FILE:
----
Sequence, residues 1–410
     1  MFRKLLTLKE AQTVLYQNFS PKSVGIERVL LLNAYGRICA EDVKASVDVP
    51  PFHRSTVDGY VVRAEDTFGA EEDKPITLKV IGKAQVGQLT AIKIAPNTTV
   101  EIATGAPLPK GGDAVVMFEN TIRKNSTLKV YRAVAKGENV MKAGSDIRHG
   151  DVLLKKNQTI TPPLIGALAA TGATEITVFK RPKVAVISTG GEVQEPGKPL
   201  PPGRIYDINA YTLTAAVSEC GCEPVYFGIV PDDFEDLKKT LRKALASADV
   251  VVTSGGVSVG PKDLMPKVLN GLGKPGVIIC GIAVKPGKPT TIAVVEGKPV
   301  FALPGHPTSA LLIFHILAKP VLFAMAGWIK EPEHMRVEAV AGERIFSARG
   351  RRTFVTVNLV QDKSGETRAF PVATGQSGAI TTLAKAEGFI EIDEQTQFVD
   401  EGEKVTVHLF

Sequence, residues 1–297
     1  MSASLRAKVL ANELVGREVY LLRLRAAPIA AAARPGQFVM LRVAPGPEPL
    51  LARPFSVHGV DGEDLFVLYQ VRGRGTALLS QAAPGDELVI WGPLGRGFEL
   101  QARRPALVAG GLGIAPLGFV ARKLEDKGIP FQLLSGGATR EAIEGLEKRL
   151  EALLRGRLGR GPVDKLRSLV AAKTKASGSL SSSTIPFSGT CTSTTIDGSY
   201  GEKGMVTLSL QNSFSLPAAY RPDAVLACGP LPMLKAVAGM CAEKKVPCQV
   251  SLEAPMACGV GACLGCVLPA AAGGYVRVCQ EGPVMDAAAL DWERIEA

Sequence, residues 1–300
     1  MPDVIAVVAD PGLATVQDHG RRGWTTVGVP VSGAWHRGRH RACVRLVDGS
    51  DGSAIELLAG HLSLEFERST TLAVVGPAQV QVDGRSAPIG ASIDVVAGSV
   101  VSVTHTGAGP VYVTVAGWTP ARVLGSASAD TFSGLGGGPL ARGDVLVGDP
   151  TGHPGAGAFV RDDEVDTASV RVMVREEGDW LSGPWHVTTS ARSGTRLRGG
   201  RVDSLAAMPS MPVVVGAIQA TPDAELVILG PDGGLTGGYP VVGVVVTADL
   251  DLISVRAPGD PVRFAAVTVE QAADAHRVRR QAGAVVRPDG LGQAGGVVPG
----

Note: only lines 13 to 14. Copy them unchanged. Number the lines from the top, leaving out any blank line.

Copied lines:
    51  LARPFSVHGV DGEDLFVLYQ VRGRGTALLS QAAPGDELVI WGPLGRGFEL
   101  QARRPALVAG GLGIAPLGFV ARKLEDKGIP FQLLSGGATR EAIEGLEKRL